Saturday, June 13, 2009

Creating a Community

As a part of my Universtiy studies, we have to learn how to conduct qualitative research and so friend and I conducted a focus group with Olim (immigrants) from English speaking countries that have been here for 3 years or more....we asked them what they think about Community...how their experience of community differs in the Diaspora to Israel and whether or not this impacts on their happiness here...
The answers we got were varied and interesting...

According to Literature on the subject, community can be defined as either territorial (e.g. a negihbourhood) or it can be relational (social groups/partnerships/people with shared common interest). Some people acknowledge the layers to community identity as including national and ethnic identity via common linkages in feelings of belonging.

All these concepts were echoed in the answers, but what I found most interesting was the support for the notion that Community is a social construct that wPe make for ourselves, it does not exist externally to us, we choose whether or not we create it's existance by actively participating or not.

A participant responded 'I am my Identity'. Another person pointed out that at the beginning there was a pressure to elarn Hebrew and 'fit in' with society, to assimilate to become 'Israeli' but as time passed by the image of the 'mythical desert man' otherwise known as the 'Israeli', faded and the need to prove yourself became irrelevant the longer that you stay...perhaps because there are so many different types of Israeli's because we are essentially an immigrant country that there is no set definition besides owing a Teudat Zehut (Identity card). You make yourself who you are...you don't have to conform to anything, because there's nothing to conform to, besides your own perceptions of esoterical constructs.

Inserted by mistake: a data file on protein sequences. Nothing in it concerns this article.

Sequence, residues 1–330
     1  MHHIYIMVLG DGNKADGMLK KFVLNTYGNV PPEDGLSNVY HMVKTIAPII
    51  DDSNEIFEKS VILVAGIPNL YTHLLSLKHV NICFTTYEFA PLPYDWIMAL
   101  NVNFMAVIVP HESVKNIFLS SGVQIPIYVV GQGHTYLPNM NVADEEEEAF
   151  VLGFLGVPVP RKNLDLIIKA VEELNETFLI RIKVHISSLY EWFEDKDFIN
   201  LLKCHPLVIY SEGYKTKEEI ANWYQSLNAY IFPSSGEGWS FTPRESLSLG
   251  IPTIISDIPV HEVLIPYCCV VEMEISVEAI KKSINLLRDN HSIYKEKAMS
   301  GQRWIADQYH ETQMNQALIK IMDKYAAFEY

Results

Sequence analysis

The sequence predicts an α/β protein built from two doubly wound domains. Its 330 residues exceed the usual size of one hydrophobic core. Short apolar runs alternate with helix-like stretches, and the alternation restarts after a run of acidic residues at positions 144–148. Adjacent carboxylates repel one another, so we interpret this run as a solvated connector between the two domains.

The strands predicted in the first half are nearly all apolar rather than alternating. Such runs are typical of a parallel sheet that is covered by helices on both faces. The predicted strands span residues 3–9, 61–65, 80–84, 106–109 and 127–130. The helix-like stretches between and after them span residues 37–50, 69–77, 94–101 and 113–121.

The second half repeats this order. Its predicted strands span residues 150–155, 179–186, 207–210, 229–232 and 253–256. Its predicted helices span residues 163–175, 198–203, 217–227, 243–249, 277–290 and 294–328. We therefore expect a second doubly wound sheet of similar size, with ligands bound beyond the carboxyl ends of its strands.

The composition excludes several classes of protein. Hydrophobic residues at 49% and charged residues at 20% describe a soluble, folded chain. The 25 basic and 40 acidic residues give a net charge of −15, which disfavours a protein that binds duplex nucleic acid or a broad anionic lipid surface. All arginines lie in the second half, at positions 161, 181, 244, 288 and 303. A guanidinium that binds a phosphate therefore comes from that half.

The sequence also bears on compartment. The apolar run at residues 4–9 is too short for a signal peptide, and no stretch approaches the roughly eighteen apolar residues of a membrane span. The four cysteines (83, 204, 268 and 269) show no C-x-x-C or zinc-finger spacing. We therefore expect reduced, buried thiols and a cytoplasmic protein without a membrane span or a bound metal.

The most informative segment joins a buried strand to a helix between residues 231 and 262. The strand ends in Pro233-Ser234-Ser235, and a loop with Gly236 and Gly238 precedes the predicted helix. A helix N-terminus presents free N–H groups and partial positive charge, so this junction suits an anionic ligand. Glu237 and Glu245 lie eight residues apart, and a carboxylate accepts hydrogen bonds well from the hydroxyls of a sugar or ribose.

When inside the Miasma of the 'Anglo' community, in Jerusalem, English may be the dominant language, you may feel kinship towards fellow like minded idealogically driven 'authentic' people, but there is not one shule, not one group that is formally organised that everyone belongs to like in the Diaspora. As you get to know the place you might start to recognise people on the street, so you feel greater control over your environment...at the end of the day though, while sitting in class doing a Masters in hebrew, you will be viewed as 'the English speaker'...even though your conversations are toatally in fluent high level Hebrew, because you have an accent.

Everyone was really happy here, which begs the question...do labels really matter? Should we be so worried about 'integration'...as life gets busy and you start to wear crocs, you want to travel to India and you push in line at the post office because nothing can get done in this country without going to the Post office first...We have to ask ourselves...

The groups that we choose or do not choose to pe a part of to join and participate in or to leave aside. The people we choose to associate with and the place where we live...our community.
If we are supported, if we have friends and social networks, if you can say at the end of the day, I am happy...then surely this is what counts more towards a 'successful' Aliyah.

1 Comments:

Blogger Dona Inselberg said...

I think any how you try and fit in you will always be "Australian" or "American" to Israelis so better enjoy who you are since they definitely will...

http://aaltruisms.blogspot.com/

7:55 AM  

Post a Comment

<< Home